Making region stronger is focus of resilience project

A yearlong initiative has yielded recommendations for three projects that could be undertaken to provide examples of how to make southeastern Connecticut better able to withstand the challenges of climate change, as well as changing social and economic conditions.

“This is really about how do we make southeastern Connecticut stronger, for whatever comes, whether it’s extreme weather or a recession,” Adam Whelchel, director of science for The Nature Conservancy’s Connecticut chapter, said Monday.

Working with a $75,000 grant from The Community Foundation of Eastern Connecticut, the conservancy joined with the Southeastern Connecticut Council of Governments and the Southeastern Connecticut Enterprise Region on the project. It brought together town planners as well as representatives of more than 50 businesses, public health and social service agencies and institutions in nine towns: East Lyme, Salem, Montville, Waterford, New London, Norwich, Ledyard, Groton and Stonington.

The result is a report titled "Southeastern Connecticut Regional Resilience Vision Project." Summarized in the report are the outcome of workshop discussions focused on challenges and possible solutions in six areas: water, food, ecosystem services, transportation, energy and the regional economy.

Whelchel said the conservancy initiated the project as an outgrowth of its work along the Connecticut coast since 2006 to make the region’s salt marshes, flood plains and other ecosystems more resilient to the climate change impacts of rising sea levels and more severe storms.

“This is really stretching how we’re defining resilience, to include social and economic conditions,” he said.

James Butler, executive director of the Council of Governments, said the project is the first time these towns have come together to tackle resiliency on a regional scale. The work, he said, will add to planning for emergencies and work in individual towns to better prepare for severe storms and more frequent flooding.

The three projects identified as prototypes are:

• Jordan Village in Waterford, where the intersection of Rope Ferry Road and Great Neck Road is vulnerable to river flooding and storm surge from Long Island Sound. A proposed redesign of the intersection would increase flood storage capacity and improve the area for pedestrians.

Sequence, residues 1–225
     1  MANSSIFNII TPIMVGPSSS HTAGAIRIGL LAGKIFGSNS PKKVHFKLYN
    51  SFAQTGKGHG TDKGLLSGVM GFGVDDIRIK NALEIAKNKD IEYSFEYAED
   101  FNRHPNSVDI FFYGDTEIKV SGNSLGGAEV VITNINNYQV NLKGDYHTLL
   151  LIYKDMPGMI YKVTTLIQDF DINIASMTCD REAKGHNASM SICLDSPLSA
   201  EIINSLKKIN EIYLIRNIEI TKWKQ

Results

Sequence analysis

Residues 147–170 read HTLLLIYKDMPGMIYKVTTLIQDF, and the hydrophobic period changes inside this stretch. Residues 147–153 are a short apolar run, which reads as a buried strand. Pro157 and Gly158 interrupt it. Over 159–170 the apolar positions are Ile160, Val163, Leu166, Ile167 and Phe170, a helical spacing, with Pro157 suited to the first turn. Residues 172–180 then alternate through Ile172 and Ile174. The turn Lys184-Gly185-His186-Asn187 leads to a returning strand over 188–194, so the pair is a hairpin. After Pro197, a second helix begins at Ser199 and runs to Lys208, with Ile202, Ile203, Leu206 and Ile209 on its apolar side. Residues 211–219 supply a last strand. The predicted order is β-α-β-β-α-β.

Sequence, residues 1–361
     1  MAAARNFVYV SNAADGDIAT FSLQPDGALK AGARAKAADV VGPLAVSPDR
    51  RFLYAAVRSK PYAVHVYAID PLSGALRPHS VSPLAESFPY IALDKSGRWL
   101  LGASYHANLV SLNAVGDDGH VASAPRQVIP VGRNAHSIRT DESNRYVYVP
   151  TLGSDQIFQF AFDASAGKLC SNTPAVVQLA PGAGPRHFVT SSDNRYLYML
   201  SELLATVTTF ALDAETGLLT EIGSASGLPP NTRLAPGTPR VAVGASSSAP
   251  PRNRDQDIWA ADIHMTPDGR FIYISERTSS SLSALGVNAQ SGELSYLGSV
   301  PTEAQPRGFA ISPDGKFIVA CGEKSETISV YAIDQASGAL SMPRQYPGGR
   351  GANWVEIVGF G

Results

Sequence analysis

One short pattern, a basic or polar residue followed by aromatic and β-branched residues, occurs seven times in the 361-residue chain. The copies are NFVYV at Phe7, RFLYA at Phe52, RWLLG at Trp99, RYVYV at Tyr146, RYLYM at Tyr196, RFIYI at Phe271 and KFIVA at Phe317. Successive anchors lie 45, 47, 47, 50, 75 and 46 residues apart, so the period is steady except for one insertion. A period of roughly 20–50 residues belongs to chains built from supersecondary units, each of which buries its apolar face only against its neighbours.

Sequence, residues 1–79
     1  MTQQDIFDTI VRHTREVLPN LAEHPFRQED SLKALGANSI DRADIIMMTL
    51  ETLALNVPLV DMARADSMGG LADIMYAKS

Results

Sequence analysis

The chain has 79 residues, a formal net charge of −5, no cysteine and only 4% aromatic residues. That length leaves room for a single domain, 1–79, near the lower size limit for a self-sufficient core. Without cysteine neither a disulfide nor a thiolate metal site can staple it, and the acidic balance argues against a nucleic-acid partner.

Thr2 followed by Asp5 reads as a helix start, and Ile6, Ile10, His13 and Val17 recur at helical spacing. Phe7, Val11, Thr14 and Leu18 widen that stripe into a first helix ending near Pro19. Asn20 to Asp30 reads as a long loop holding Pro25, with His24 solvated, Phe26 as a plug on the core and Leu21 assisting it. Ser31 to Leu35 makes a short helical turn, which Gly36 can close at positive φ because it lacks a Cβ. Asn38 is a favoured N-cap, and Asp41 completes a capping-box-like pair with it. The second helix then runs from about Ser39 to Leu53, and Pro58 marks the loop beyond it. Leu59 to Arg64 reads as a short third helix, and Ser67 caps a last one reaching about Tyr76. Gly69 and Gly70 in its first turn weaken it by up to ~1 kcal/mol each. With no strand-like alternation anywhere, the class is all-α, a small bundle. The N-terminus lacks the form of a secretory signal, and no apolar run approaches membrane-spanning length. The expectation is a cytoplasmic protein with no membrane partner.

• Neighborhoods in Waterford and East Lyme around the lower Niantic River. Shoreline properties vulnerable to flooding, storms and erosion would be retrofitted with natural infrastructure such as oyster reefs and vegetated shorelines. Salt marsh habitat would be expanded into an area of Mago Point.

• Poquonnock Bridge in Groton. There, Groton-New London Airport, major roadways, a rail line, residential neighborhoods and municipal buildings are in a vulnerable flood plain, and would be the focus of a planning effort to determine the best alternatives for improving resiliency while protecting the Poquonnock Estuary.

For the next step in the project, the conservancy will use a $100,000 grant from the Community Foundation over the next year to develop conceptual designs for specific projects, identify vulnerable intersections and neighborhoods and the salt marshes and flood plain buffers that should be protected, Whelchel said.

“We want to identify the really key locations that can use those conceptual designs,” he said.

The work also would focus on bringing together planning and engineering resources on a regional scale.

Jason Vincent, director of planning for Stonington, said the main value of the project was in opening up a regional dialogue about resiliency.

“It’s important to have planning at this scale for this region,” he said.

Stonington is among towns that have been doing resiliency planning on their own, but many of these issues are best done collaboratively, he said. “The more we can work on this collectively, the more powerful the effect will be.”

Editor's Note: The name of the Community Foundation of Eastern Connecticut has been corrected.


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